- A man was hire to cut wood at a certain rate per ton of wood – there was no fixed amount
- He cut a certain amount and then stopped working.
- The payer sued, saying he shouldn’t have to pay
- There was some debate whether Steele should have to pay for wood cut to the wrong size
- When the contact contains many parts (e.g. a price per ton), what is performance?
- Latham CJ: If you the work is done but not to the right specifications, you can choose not to pay for it but you must reject the work, Steele didn’t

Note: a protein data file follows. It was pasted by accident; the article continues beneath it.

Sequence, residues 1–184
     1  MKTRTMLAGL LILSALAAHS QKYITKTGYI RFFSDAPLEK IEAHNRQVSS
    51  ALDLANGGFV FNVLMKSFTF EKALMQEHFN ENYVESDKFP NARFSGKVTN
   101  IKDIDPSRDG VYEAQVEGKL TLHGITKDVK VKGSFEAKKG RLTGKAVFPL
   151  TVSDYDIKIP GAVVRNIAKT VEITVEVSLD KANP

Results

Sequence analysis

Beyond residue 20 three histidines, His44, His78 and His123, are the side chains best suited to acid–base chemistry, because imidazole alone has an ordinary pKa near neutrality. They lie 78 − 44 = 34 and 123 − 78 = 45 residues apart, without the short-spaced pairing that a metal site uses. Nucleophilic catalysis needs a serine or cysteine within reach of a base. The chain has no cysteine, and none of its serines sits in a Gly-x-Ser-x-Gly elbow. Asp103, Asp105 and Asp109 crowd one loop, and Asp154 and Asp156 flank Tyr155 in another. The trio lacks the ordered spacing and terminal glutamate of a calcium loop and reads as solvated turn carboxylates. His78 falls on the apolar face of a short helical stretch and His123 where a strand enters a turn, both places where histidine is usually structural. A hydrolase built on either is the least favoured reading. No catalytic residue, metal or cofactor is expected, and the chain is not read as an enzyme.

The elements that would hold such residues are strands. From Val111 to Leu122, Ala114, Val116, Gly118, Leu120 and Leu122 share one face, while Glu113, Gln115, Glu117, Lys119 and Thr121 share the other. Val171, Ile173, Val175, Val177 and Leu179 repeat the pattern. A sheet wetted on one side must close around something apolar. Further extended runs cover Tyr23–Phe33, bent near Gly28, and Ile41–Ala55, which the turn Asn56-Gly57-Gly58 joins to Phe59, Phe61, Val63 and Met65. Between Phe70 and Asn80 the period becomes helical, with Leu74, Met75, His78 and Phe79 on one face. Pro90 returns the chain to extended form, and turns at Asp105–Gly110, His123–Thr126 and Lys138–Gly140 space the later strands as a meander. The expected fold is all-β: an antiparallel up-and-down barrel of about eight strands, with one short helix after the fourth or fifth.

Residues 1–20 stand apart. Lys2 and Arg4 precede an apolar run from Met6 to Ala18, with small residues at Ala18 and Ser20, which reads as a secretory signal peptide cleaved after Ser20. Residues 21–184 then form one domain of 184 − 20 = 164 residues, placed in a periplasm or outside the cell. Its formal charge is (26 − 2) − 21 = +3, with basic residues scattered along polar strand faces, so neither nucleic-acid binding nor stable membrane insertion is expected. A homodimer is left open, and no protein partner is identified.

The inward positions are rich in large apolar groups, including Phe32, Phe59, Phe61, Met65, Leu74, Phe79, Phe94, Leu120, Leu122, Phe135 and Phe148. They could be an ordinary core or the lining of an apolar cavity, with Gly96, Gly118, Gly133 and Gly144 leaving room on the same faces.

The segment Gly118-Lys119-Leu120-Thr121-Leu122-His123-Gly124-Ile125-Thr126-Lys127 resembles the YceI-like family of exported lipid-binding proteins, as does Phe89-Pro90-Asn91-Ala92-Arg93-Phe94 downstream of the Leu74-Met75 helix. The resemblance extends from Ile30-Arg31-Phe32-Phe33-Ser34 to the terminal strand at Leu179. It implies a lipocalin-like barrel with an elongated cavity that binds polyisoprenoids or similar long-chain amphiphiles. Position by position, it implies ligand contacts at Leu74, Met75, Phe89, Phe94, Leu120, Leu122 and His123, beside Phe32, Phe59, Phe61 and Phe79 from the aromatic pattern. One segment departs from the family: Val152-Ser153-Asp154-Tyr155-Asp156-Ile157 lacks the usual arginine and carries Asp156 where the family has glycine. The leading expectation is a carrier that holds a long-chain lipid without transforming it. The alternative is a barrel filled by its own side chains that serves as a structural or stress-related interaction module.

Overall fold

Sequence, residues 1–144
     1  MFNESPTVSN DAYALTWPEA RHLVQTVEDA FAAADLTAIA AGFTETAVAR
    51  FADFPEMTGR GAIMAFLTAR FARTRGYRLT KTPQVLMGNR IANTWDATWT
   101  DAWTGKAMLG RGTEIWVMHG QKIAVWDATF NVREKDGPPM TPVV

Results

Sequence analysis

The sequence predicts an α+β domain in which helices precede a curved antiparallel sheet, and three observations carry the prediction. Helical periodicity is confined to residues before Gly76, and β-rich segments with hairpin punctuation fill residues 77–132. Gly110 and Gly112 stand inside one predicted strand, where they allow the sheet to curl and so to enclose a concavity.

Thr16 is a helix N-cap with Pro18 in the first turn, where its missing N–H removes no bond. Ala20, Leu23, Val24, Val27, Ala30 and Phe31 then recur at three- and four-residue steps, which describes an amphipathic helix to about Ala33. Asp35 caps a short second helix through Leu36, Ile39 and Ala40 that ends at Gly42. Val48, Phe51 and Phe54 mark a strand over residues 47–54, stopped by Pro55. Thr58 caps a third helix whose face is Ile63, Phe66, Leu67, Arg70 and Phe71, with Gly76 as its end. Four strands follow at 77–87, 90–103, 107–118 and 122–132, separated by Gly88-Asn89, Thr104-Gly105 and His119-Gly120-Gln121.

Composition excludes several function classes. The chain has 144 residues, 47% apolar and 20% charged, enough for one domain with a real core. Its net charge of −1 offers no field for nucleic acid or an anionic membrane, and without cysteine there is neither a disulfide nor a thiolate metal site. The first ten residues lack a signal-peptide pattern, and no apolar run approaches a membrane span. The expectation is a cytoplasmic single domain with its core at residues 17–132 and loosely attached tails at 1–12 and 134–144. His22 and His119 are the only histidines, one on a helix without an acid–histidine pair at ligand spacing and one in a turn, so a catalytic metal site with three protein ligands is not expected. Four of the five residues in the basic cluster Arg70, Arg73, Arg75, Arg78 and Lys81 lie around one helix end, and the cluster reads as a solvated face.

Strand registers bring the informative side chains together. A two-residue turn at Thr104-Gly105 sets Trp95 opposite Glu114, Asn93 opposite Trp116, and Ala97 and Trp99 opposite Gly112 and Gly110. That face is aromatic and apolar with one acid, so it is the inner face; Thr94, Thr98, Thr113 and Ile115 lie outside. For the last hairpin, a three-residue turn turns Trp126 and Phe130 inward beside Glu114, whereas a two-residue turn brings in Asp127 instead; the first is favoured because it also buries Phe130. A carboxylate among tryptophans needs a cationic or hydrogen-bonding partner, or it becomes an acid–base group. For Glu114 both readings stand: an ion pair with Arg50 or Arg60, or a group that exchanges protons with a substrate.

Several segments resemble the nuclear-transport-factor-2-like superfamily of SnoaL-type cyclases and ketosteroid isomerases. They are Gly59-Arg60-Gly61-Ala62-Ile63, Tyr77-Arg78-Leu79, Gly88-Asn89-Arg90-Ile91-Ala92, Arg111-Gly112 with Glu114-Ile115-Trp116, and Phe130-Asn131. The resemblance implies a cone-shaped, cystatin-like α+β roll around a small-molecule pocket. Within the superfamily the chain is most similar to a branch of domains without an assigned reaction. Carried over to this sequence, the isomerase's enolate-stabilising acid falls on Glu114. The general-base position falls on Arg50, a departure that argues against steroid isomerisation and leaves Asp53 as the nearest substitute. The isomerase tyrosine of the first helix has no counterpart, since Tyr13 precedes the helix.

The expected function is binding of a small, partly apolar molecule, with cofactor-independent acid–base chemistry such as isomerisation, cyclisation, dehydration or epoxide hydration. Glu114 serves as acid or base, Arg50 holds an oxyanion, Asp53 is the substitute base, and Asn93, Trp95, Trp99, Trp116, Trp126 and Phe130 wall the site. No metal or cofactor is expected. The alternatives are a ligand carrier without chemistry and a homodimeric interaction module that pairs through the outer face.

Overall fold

- There is sufficient evidence of a new contract to oblige Steele to pay
- Dixon J: The contract is infinitely divisible, as opposed to being such that only entire performance would be sufficient. Therefore completion of each divisible ‘bit’ incurs a need to pay a percentage.
- How could Steele reject the work, let it rot on the ground? He had no opportunity to reject it. However, he did not make it clear that the length must be exact.
- Substantial performance was achieved – therefore there was a qantum meruit claim
- This case demonstrates the principle that some contracts can have substantial performance in some cases.
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